12/12/2006 1:00AM

Costa Rising gets a working vacation


As finales of drawn-out statebred-restricted stakes days go, the finish of last Saturday's Louisiana Champions Day Classic was not bad. Heavy favorite Costa Rising shrugged off a couple of different challengers, including upstart stretch-out sprinter Mean Butterbean at the head of the stretch. But there in the final 50 yards Mean Butterbean crept back closer to Costa Rising, and wound up missing by a head.

That made eight straight victories over Louisiana-bred competition for Costa Rising, who had to overcome post 10 and a testing pace to win his eighth race of the year. Game, yes, but worn out, no, according to trainer Joseph Stanley Boxie, who observed Costa Rising having a time of it Tuesday morning on the walking wheel outside Boxie's barn at the Evangeline Downs training center.

"He came out of it well," said Boxie, who trains Costa Rising for owner Charles Castille. "It just looked like he never raced, really. He was playing on the wheel this morning, out there kicking and squealing."

Costa Rising has started 13 times during 2006, and the Classic might have been it for the year. Boxie said Costa Rising would go back to the track Thursday, keeping the same four-day walk, fifth day light gallop pattern he has followed after previous races. But Costa Rising might not race again until the $200,000 Premier Night Championship on Feb. 3 at Delta Downs.

"We'll give him a little bit of time, and we'll play it by ear," said Boxie, who noted that he had run Costa Rising twice in about three weeks.

Boxie, a retired bus driver who hauls Costa Rising to his races himself, said he enjoyed Saturday's win in New Orleans - the thrill of victory, the coming purse money.

"It was really exciting," Boxie deadpanned. "Anytime you can make money it's exciting."

'Butterbean' adapts well to route

Mean Butterbean, meanwhile, could get another shot at Costa Rising in the Premier Night Championship, since trainer Victor Arceneaux said he was inclined to keep Mean Butterbean in route races. Mean Butterbean made 13 of his first 14 starts in sprints, and had finished fifth in his only two-turn try before Saturday's Classic. But at that nine-furlong trip it was Mean Butterbean, not Costa Rising, who was running fastest at the finish.

"When they turned for home, Costa Rising made his move, and I just kept telling myself, hopefully we can hang on for second," Arceneaux said. "Then all of a sudden, he just exploded. Before they posted it on the board, some people were saying 'You won' - it was close."

Five races before the Classic, Mean Butterbean's full brother, Brother Bean, showed why Arceneaux had been so high on him going into Champions Day. Brother Bean finished second in the Champions Day Sprint, but dueled on a torrid pace and did not give way readily to the crack Louisiana-bred sprinter Meteor Impact, who got an ideal stalking trip. Brother Bean was beaten one length in his stakes debut, but ran on gamely in a fast race; he shaded 1:10 for six furlongs, good for a 101 Beyer Speed Figure in just his fourth career start.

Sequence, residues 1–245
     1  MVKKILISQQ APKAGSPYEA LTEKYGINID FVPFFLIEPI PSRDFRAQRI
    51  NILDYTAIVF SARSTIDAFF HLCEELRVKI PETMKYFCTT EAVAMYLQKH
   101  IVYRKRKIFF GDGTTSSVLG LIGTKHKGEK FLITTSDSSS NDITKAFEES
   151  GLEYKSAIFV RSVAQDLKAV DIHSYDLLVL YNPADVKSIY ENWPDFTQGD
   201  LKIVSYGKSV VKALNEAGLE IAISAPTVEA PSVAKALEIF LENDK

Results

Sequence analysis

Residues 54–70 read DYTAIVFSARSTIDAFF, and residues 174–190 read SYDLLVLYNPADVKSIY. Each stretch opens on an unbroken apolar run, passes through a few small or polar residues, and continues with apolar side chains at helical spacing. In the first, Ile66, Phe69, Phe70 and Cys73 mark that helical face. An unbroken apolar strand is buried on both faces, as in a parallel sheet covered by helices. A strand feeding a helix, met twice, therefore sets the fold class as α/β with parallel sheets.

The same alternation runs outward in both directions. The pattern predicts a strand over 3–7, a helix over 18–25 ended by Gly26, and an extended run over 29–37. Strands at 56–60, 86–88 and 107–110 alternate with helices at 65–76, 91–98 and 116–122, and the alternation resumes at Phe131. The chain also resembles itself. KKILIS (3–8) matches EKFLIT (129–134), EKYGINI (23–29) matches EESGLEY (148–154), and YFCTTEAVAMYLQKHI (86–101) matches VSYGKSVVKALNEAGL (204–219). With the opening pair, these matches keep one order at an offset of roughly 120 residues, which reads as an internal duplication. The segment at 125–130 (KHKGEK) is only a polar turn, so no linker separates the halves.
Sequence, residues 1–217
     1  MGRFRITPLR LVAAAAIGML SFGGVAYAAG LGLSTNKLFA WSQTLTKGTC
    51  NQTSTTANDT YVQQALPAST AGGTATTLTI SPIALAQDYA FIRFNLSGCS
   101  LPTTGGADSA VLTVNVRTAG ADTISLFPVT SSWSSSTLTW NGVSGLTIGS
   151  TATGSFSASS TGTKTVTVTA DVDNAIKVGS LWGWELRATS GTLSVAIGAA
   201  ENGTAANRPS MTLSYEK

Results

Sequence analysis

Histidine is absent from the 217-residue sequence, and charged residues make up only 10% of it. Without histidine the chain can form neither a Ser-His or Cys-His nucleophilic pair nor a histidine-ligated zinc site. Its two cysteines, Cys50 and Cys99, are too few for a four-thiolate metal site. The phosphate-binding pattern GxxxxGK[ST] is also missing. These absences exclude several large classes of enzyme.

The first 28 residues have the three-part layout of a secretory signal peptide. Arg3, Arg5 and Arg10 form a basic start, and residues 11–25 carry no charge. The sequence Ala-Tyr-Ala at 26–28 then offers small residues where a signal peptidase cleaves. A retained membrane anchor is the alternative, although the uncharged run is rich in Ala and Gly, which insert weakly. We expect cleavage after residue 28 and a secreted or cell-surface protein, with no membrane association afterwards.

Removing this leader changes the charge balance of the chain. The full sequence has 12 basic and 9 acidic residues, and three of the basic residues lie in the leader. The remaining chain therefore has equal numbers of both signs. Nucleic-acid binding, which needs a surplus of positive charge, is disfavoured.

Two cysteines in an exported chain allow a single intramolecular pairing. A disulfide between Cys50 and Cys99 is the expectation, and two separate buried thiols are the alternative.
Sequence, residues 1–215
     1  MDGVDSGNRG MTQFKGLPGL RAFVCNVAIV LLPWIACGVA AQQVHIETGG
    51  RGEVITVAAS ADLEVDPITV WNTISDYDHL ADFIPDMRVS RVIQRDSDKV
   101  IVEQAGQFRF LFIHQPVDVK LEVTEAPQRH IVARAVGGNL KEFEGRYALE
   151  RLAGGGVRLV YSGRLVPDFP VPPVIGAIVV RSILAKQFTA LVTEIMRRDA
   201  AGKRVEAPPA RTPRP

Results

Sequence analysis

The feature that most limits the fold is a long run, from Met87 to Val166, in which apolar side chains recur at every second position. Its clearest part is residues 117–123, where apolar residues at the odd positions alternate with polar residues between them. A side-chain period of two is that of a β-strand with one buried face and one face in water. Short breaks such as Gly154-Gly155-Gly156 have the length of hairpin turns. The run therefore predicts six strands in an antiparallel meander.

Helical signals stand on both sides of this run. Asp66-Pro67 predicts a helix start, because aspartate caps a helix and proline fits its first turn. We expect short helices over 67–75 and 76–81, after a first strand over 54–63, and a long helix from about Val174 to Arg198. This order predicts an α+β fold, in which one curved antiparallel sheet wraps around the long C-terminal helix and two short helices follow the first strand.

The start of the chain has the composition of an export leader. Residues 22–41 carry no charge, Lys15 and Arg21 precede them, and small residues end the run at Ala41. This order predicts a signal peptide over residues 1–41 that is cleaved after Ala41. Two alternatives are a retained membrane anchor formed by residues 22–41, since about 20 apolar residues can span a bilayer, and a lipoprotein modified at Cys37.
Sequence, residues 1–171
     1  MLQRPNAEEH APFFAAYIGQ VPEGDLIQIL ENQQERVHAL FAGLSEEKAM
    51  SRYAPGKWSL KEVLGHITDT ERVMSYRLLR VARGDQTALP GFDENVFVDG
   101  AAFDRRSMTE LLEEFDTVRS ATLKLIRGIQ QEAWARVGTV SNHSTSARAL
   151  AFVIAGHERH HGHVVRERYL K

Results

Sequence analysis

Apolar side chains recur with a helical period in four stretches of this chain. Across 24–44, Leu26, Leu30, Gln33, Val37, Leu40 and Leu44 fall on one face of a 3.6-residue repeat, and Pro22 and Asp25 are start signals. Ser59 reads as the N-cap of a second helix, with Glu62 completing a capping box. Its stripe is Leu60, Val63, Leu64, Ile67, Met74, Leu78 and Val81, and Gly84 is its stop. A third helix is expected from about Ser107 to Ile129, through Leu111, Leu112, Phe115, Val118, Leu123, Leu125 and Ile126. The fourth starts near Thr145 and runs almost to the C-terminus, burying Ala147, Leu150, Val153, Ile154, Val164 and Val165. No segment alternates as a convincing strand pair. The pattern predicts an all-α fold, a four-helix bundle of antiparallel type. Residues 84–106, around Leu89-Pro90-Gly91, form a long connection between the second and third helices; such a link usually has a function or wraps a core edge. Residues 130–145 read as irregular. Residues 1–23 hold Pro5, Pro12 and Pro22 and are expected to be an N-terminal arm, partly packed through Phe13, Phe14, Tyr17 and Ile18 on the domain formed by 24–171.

"What was impressive to me was that the rest of the field was seven lengths behind him," said Arceneaux.

There are no specific plans for Brother Bean, Arceneaux said, but he could take Mean Butterbean's spot in upcoming Louisiana-bred sprint stakes if his older brother pans out as a route horse.

Lecomte on horizon for Tony Terrific

If Tony Terrific can perform as well on dirt as he has on Polytrack and turf, Stonerside Stable and trainer Mike Stidham might have a legitimate contender for the 3-year-old stakes at Fair Grounds. Tony Terrific followed up on a debut win going two turns over Keeneland's synthetic racing surface with a half-length turf win over entry-level allowance foes last Friday, and the colt could make his next start in the Jan. 13 Lecomte Stakes, Stidham said.

Tony Terrific was bottled up on the inside for much of Friday's race, and Stidham said he thought that experience was beneficial. Clear at about the quarter pole, he swallowed the leaders with a nice turn of foot, then held off late-running Citi Smoke.

"We hope he's going to have that same kind of acceleration on dirt," Stidham said.

Stidham said the timing of the Lecomte means that if things go well he wouldn't have to rush Tony Terrific to make the race.

"We'll keep our options open, but the spacing is decent," he said. "He's got over five weeks."

Mystery Giver begins comeback

Saturday's $75,000 Buddy Diliberto Memorial Handicap drew a field of nine when entries were taken Monday, and the race is a good one for a listed stakes. It features the first start since June 3 for Purim, a graded stakes winner earlier in the year, and the first Fair Grounds start for Mystery Giver since March 2004. Mystery Giver, who has come back strongly after a serious injury and a year-plus layoff, won the Fair Grounds Breeders' Cup three years in a row starting in 2002.

Others in the Diliberto, a 1 1/16-mile grass race, are Devilment, Cloudy's Knight, Raw Power, Dynareign, Rathor, Erroneous I.D., and Student Council.

* Fair Grounds announced last w